Index of Memorial Resolutions and Biographical Sketches
HERBERT E. BOLTON
Herbert Eugene Bolton, retired professor of history and a major pioneer in Spanish borderlands studies, died on January 30, 1953. He was 82.
Professor Bolton was born on July 20, 1870, in Wilton, Wisconsin. He received a bachelor's degree from the University of Wisconsin in 1895. He was awarded a PhD from the University of Pennsylvania in 1899. He was a Harrison Fellow while at Pennsylvania.
Professor Bolton taught at Milwaukee State Normal School from 1899 to 1901. He joined the faculty of The University of Texas at Austin in 1901, remaining until 1909, when he accepted a position at Stanford University. He later taught at the University of California at Berkeley, retiring from that institution in 1940.
Professor Bolton began his pioneering work on the Spanish Borderlandsan area that begins in Florida and extends along a "crescent shaped" land mass between Georgia and Californiawhile a professor at UT Austin. Starting in 1902, he undertook several research trips to Mexico to examine archival materials relating to the United States. In 1913, under the sponsorship of the Carnegie Institute, he published a report on the availability of research sources on American history in Mexico, "Guide to Materials for the History of the United States in the Principal Archives of Mexico." While at UT Austin, he also served as associate editor of the Quarterly of the Texas State Historical Association (later the Southwestern Historical Quarterly).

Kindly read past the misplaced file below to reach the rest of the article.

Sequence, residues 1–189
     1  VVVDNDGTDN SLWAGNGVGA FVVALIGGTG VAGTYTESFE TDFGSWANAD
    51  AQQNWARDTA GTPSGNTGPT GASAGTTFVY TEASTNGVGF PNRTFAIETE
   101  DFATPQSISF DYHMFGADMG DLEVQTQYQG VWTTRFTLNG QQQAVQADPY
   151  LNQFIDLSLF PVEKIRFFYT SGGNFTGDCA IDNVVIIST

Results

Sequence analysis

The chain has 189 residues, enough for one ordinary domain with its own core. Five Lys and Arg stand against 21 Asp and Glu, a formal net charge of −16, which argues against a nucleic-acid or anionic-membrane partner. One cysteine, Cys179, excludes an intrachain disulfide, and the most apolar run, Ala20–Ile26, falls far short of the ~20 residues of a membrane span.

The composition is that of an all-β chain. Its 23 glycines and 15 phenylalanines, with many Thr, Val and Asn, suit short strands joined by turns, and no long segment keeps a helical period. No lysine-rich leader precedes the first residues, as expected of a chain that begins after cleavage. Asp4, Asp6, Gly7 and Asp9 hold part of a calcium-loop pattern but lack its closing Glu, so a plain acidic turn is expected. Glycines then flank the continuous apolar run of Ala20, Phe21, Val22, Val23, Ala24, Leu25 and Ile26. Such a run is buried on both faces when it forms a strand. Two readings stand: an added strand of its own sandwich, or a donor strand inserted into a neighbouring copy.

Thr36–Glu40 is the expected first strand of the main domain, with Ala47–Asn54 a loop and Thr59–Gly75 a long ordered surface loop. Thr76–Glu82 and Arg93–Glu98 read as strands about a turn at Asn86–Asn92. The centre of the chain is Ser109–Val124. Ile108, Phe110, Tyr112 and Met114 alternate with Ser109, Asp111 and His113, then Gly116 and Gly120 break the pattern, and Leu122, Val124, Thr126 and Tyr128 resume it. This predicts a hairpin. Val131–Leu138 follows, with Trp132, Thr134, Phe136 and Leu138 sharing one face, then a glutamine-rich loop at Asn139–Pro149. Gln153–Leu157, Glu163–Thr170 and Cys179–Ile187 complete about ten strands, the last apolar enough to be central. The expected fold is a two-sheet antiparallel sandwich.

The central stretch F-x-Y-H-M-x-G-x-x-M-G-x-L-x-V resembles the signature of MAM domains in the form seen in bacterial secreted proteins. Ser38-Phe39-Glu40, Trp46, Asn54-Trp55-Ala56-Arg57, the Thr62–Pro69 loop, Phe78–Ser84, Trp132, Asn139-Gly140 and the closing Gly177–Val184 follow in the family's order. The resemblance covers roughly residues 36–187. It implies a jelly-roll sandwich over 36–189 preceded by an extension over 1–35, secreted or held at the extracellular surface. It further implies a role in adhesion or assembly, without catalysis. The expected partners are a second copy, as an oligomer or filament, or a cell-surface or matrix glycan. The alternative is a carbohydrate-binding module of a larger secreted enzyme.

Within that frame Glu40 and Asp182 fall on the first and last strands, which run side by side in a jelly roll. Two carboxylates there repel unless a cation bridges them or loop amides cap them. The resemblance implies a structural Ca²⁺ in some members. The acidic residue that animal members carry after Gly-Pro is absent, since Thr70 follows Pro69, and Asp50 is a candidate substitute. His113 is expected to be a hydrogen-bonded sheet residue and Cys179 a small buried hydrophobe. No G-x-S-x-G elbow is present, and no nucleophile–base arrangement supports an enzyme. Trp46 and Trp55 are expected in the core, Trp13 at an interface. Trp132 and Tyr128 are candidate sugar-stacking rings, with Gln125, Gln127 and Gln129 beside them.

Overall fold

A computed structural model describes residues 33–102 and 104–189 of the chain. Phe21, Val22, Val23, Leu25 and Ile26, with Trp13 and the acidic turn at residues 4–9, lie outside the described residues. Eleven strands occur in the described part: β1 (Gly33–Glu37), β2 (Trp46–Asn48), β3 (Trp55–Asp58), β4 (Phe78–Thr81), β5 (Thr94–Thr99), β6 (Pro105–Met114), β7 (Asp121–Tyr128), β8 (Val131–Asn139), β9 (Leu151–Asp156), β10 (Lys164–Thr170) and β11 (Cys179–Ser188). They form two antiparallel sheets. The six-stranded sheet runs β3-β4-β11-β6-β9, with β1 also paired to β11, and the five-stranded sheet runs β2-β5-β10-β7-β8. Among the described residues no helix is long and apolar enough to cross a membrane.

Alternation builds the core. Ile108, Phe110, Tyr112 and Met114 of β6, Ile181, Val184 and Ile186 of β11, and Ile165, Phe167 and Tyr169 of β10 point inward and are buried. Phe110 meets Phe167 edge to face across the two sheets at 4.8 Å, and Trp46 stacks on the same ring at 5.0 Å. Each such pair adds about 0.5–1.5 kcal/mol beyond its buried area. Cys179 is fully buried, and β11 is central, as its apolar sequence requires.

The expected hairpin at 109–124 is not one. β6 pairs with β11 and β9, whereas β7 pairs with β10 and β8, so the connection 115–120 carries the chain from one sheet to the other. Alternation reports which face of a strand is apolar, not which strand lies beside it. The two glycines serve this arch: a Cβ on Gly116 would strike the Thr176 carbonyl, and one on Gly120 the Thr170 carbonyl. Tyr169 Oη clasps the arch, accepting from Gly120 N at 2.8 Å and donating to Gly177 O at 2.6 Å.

His first significant publication was a textbook coauthored with Eugene C. Barker, With the Makers of Texas: A Source Reader in Texas History (1904). After studying the history of native peoples in Texas for the United States Bureau of Ethnology, he wrote more than 100 articles for the Handbook of American Indians North of Mexico. He continued to publish works about Texas after he left the region for California. Among these were Athanase de Mézières and the Louisiana-Texas Frontier, 1768-1780 (1914) and Texas in the Middle Eighteenth Century: Studies in Spanish Colonial History and Administration (1915). Professor Bolton's research resulted in nearly 100 works, including approximately 24 books he either wrote or edited.
He was offered the presidency of the University in 1914 but declined it. He remained at the University of California at Berkeley for the rest of his career, developing the case for studying United States history in the context of both American continents.
Professor Bolton was president of the American Historical Association in 1932. His presidential inaugural speech to the group"The Epic of Greater America"reflected his thesis for the study of American history.
John R. Durbin, Secretary
The General Faculty
Biographical sketch prepared by Teresa Palomo Acosta and posted on the Faculty Council web site on January 18, 2001. Additional biographical sources can be found in the Barker Texas History Center and the New Handbook of Texas, Texas State Historical Association, 1996.